Posey's Tips & Tricks
Is There a Good Alternative to Microsoft's Surface Studio?
Microsoft is expected to unveil new Surface hardware next week, but unless a standalone Surface Studio monitor is one of them, it might be time to consider some of the other (cheaper) options from its OEM partners.
One of my primary goals for this year was to finally get around to replacing the badly outdated computer systems in my office. I'm not normally one to neglect technology, but it's really hard to replace systems that are constantly being used without impacting productivity in the process.
With the year quickly drawing to a close, my hardware refresh is nearly complete. However, I have been considering whether to replace one of my few remaining legacy systems with a Microsoft Surface Studio.
Although I am probably best known for the books and columns that I write, I also do quite a bit of artistic work (it's a long story). That being the case, the Surface Studio 2 initially seemed like a no-brainer. However, I just can't seem to bring myself to order one.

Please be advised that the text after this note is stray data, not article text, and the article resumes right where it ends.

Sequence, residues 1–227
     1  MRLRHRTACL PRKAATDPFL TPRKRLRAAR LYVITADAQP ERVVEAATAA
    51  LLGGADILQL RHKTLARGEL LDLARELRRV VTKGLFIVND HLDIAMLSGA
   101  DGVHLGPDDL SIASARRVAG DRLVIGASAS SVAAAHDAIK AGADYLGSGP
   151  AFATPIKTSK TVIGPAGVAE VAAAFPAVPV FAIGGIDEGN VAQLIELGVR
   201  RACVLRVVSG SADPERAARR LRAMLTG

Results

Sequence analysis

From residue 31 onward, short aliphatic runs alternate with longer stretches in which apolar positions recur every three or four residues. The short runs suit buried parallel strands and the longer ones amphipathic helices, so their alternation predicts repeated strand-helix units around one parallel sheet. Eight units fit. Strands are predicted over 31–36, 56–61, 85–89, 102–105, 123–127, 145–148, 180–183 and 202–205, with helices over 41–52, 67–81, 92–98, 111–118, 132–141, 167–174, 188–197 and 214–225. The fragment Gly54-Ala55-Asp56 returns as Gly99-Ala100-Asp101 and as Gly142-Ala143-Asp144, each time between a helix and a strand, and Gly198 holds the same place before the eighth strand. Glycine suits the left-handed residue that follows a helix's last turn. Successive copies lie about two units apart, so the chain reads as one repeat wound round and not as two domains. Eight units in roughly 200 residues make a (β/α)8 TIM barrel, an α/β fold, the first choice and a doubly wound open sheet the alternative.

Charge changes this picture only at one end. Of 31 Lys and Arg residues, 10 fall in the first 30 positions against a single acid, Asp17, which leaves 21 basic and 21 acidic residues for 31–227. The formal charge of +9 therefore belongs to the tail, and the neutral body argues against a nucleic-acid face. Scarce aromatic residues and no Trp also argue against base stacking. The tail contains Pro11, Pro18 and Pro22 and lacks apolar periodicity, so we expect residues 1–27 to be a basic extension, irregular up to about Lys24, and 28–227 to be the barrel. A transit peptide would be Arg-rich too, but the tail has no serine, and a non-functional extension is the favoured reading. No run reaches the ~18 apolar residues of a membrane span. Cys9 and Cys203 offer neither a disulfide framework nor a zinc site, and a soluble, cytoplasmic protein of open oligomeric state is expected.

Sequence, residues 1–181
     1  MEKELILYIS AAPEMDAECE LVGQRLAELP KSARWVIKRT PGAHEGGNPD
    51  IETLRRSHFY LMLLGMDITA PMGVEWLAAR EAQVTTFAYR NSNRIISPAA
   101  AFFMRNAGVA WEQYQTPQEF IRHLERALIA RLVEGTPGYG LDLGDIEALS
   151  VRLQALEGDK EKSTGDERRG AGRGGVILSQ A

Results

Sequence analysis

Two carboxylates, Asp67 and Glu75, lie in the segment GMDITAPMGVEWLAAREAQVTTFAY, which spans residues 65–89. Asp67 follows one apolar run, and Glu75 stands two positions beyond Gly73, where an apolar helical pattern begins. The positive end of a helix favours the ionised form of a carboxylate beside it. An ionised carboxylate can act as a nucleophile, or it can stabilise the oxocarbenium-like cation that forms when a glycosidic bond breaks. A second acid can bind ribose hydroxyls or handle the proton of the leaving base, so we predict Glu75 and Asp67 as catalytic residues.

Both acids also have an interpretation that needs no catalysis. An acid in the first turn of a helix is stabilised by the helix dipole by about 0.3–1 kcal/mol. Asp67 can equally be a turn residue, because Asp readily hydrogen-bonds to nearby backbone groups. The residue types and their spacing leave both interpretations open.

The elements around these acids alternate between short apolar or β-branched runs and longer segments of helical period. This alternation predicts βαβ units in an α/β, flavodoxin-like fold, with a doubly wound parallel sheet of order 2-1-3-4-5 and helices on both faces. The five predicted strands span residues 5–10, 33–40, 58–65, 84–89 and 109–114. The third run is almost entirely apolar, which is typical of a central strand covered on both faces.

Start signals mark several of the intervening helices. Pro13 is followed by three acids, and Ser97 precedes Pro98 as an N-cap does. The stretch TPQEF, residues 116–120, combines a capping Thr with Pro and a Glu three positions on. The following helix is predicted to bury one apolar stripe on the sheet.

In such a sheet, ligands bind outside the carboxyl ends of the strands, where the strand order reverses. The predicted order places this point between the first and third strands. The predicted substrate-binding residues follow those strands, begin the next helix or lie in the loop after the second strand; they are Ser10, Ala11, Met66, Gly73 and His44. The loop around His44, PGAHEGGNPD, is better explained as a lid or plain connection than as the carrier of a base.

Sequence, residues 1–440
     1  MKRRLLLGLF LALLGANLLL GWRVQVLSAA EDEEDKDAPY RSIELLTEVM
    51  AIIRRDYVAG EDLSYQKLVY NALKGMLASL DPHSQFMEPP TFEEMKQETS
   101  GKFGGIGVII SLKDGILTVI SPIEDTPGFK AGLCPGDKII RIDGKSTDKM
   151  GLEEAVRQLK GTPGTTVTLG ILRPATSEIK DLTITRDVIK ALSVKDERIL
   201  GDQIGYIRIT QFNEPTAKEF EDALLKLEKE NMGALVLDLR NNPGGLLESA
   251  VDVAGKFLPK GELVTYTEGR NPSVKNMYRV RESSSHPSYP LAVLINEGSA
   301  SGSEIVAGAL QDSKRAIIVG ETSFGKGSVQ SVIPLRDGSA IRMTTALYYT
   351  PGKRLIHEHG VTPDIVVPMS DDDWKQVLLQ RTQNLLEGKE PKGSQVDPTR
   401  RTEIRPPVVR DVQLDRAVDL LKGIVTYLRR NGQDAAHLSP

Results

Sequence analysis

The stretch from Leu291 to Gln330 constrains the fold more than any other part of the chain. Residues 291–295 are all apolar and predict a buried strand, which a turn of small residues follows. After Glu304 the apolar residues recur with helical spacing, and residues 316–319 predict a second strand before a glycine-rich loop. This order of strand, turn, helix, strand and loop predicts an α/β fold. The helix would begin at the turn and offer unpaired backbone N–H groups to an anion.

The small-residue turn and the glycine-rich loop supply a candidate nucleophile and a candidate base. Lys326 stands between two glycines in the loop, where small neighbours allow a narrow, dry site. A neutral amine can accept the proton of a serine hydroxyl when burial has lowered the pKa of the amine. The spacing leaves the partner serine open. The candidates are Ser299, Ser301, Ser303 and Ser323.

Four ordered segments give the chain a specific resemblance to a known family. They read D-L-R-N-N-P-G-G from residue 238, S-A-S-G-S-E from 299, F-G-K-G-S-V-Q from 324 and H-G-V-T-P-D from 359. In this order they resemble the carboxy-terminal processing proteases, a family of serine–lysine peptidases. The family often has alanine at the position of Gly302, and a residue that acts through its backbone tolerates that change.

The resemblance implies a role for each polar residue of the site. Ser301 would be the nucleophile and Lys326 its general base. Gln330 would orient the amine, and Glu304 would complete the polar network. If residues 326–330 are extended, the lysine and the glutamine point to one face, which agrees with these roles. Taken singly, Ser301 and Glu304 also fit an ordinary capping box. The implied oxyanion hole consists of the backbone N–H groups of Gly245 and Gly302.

Like its predecessor, the Surface Studio 2 is an all-in-one PC. Despite the Surface Studio 2's massive price (the base model is currently listed at $3,500 on Microsoft's Web site), its hardware is already somewhat dated. The top-end model currently sells for $4,799, but is equipped with a 7th-generation Intel CPU and 32GB of non-upgradable RAM. For comparison, I found similarly equipped PCs -- minus the Surface Studio's fancy display -- selling online for about a thousand dollars.
I totally get the fact that the Surface Studio 2 has an awesome monitor, and that the monitor is the No. 1 reason for the Surface Studio 2's hefty price tag. Unfortunately, though, the fact that the Surface Studio is an all-in-one machine means that when its computing hardware eventually becomes obsolete, there isn't a way to detach the monitor and use it with a more up-to-date system.
Late last year, there were rumors that Microsoft was going to begin selling a Surface Studio monitor that could be attached to any PC. However, those rumors seem to be just that. Microsoft is hosting a Surface event this coming Wednesday, Oct. 2, where it is expected to announce some new hardware. According to my sources, however, a Surface Studio monitor is not among the products that are being announced.
This, of course, raises the question of whether there is a viable alternative to the Surface Studio 2 at all. I think that the answer to that question really depends on how you are planning to use the device. For those who need a large-format, high-resolution (4500x3000 pixels) display with extreme color accuracy and support for the Surface Pen, then Surface Studio 2 is probably the only realistic option. You can still buy a first-generation Surface Studio on sites such as Amazon and Newegg, but those devices contain 6th-generation Intel CPUs and legacy hybrid hard drives.